18 January 2020

Britain

Britain joins Germany in criticizing Macron's Mercosur threat

KONFRONTASI-Britain joined Germany on Saturday in criticizing French President Emmanuel Macron’s decision to block a trade deal between the European Union and the Mercosur group of southern American countries to pressure Brazil on Amazon forest fires.

In a surprise statement on Friday, Macron said he had decided to block the EU-Mercosur deal and accused Brazilian President Jair Bolsonaro of lying in playing down concerns about climate change.

Britain faces food shortages in no-deal Brexit scenario, industry body says

KONFRONTASI-Britain will experience shortages of some fresh foods for weeks or even months if a disorderly no-deal Brexit leaves perishable produce rotting in lorries at ports, Britain’s food and drink lobby warned on Wednesday.

Retailers such as Tesco (TSCO.L) have warned that leaving the European Union on Oct. 31 without a transition deal would be problematic as so much fresh produce is imported and warehouses are stocked full ahead of Christmas.

The industry - which employs 450,000 people in the United Kingdom - views Brexit as the biggest challenge since World War Two, dwarfing previous crises such as the horse meat scandal of 2013 and the mad cow disease outbreaks of the 1980s and 1990s.

“We’re not going to starve but there will be shortages of fresh food and some specialist ingredients. It’s going to be a little bit unpredictable,” the Food and Drink Federation’s Chief Operating Officer Tim Rycroft told Reuters.

“Given that food very often is perishable and has a short shelf life, we expect that there will be some selective shortages of food in the weeks and months following no-deal Brexit,” Rycroft said. “There will be some shortages and price rises.”

Part of the problem is that Brexit could change everything - or, possibly, nothing.

Ahead of the original Brexit deadline of March 29, supermarkets and retailers spent millions of pounds preparing for Brexit and working with suppliers to increase stocks of dried goods including pasta, bottled water and toilet paper.

After three years of Brexit discussion, it is still unclear on what terms the United Kingdom will leave the European Union with options ranging from a last-minute exit deal or delay to an acrimonious divorce that would knot the sinews of trade.

Prime Minister Boris Johnson has repeatedly warned the European Union that unless it agrees to do a fresh divorce deal then he will lead the country out of the bloc on Oct. 31 without a deal.

China protests to UK over ‘fantasizing’ about Hong Kong

KONFRONTASI-China has protested to Britain after London warned Beijing of “serious consequences” if it breached an agreement over the handover of Hong Kong from the British Empire to China.

British Foreign Secretary Jeremy Hunt said on Tuesday that he expected China to honor the 1984 agreement that would hand Hong Kong over to China in 13 years but would also assign semi-autonomy to the region.

Britain plans social media regulation to battle harmful content

KONFRONTASI-Britain proposed new online safety laws on Monday that would slap penalties on social media companies and technology firms if they fail to protect their users from harmful content.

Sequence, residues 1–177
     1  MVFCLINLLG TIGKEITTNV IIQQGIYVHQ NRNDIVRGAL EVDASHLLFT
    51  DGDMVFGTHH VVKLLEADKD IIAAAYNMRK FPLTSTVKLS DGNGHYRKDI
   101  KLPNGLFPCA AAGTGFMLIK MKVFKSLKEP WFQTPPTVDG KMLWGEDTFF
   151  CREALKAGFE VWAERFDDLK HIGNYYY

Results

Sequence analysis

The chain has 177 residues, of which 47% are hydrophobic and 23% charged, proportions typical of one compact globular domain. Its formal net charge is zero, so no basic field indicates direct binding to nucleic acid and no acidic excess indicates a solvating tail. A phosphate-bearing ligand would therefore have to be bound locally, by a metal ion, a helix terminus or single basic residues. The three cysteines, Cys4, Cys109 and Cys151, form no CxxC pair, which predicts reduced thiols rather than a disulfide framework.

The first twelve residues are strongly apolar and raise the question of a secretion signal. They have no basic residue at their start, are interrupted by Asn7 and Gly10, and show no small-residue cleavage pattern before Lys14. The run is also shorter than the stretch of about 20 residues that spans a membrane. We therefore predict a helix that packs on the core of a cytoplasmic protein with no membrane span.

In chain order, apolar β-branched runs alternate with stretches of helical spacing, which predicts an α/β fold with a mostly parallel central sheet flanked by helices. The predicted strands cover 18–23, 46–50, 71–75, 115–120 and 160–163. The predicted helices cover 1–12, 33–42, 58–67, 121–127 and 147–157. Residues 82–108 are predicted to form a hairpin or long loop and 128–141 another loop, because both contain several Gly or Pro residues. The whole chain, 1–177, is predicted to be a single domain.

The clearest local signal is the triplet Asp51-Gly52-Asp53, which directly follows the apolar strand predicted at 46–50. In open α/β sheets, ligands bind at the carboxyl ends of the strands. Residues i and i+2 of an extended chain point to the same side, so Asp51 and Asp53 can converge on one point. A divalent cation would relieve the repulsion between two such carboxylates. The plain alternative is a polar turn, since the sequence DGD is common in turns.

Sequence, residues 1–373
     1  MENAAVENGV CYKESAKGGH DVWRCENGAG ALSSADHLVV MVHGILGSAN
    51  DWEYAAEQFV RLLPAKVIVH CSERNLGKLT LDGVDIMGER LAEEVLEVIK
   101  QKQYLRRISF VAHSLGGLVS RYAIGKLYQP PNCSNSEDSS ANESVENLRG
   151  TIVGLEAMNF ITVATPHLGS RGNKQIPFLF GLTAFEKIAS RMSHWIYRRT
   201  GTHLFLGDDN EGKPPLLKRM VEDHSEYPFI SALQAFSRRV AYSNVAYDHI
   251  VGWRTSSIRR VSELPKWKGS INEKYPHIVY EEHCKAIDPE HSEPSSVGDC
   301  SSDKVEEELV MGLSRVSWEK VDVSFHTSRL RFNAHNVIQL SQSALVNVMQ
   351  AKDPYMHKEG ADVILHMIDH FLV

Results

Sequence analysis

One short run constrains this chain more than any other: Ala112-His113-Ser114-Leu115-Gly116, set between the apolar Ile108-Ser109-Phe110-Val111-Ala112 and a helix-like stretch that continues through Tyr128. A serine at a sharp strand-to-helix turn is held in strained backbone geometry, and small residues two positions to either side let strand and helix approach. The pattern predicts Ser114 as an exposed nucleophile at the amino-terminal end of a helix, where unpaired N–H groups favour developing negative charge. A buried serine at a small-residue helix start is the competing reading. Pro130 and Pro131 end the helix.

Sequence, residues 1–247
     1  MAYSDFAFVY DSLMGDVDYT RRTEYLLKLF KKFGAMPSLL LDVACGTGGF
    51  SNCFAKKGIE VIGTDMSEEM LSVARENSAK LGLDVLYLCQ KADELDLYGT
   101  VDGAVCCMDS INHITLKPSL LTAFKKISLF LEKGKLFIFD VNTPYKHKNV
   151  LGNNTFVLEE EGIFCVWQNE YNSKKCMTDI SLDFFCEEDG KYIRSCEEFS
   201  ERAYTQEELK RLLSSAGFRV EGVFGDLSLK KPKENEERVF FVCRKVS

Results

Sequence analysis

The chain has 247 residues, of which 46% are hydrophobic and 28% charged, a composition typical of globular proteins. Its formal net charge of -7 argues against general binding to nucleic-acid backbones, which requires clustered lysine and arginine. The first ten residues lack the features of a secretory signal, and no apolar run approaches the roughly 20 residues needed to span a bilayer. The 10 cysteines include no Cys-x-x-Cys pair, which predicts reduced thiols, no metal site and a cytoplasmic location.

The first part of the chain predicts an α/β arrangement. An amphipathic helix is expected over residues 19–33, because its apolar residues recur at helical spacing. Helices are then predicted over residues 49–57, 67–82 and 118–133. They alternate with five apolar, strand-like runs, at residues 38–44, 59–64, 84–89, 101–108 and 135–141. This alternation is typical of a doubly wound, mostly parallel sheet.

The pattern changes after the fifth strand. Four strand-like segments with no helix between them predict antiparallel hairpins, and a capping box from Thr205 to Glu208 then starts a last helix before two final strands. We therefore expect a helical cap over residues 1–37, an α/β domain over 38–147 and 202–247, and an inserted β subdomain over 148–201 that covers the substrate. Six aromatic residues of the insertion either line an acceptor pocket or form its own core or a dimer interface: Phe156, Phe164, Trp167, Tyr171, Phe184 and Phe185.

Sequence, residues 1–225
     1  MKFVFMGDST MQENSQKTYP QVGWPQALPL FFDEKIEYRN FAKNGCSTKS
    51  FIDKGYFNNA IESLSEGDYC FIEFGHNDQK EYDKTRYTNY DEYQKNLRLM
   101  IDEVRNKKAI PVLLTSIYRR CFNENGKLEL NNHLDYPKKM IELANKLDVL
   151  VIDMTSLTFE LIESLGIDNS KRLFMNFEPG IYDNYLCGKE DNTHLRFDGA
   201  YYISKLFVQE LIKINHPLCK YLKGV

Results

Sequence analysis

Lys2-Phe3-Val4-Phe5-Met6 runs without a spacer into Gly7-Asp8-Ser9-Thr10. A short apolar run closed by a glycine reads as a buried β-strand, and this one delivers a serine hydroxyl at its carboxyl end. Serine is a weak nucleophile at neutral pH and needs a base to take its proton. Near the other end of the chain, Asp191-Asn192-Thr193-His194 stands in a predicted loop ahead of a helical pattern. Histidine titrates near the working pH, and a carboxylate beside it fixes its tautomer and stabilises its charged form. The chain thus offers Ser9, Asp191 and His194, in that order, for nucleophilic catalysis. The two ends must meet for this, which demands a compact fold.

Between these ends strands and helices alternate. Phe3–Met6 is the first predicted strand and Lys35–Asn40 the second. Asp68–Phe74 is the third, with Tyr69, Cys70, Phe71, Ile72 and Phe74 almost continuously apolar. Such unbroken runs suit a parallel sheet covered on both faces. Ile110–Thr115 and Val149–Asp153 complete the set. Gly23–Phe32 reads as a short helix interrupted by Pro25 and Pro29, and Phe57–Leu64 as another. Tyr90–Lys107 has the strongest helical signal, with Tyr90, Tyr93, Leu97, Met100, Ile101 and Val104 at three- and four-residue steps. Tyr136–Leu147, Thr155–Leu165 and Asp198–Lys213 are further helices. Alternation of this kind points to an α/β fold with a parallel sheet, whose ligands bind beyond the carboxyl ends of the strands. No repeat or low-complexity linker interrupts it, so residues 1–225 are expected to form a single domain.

Easy access to damaging material particularly among young people has caused growing concern worldwide and came into the spotlight in Britain after the death of 14-year-old schoolgirl Molly Russell, which her parents said came after she had viewed online material on depression and suicide.

Governments across the world are wrestling over how to better control content on social media platforms, often blamed for encouraging abuse, the spread of online pornography, and for influencing or manipulating voters.

Global worries were recently stoked by the live streaming of the mass shooting at a mosque in New Zealand on one of Facebook’s platforms, after which Australia said it would fine social media and web hosting companies and imprison executives if violent content is not removed “expeditiously”.

In a policy paper widely trailed in British media, the government said it would look into possibly using fines, blocking access to websites, and imposing liability on senior tech company management for failing to limit the distribution of harmful content.

It would also set up a regulator to police the rules.

TechUK, an industry trade group, said the paper was a significant step forward, but one which needed to be firmed up during its 12-week consultation. It said some aspects of the government’s approach were too vague.

“It is vital that the new framework is effective, proportionate and predictable,” techUK said in a statement, adding not all concerns could be addressed through regulation.

Facebook said it was looking forward to working with the government to ensure new regulations were effective, repeating its founder Mark Zuckerberg’s line that regulations were needed to have a standard approach across platforms.

Britain's Labour Party leader backs Brexit referendum

KONFRONTASI-Britain’s opposition Labour Party will back a new referendum on Brexit after parliament defeated its alternative plan for leaving the European Union, its eurosceptic leader Jeremy Corbyn said.

With 29 days left until the United Kingdom is due to leave the European Union, both Prime Minister Theresa May and Corbyn have been forced into making changes to their approaches to the divorce.

Corbyn, who voted against membership in 1975 and gave only reluctant backing to the 2016 campaign to remain in the EU, on Wednesday gave ambiguous backing for another referendum, saying he would push for one alongside a British parliamentary election.

It is the first time since Britons voted in 2016 to leave the EU that one of its two major political parties has thrown its weight behind giving voters a chance to change their minds.

But it was unclear what the exact question might be.

“After tonight’s votes in parliament, we’ll continue to push for a close economic relationship based on our credible alternative plan or a general election,” Corbyn said.

“We’ll also back a public vote in order to prevent a damaging Tory Brexit or disastrous no deal.”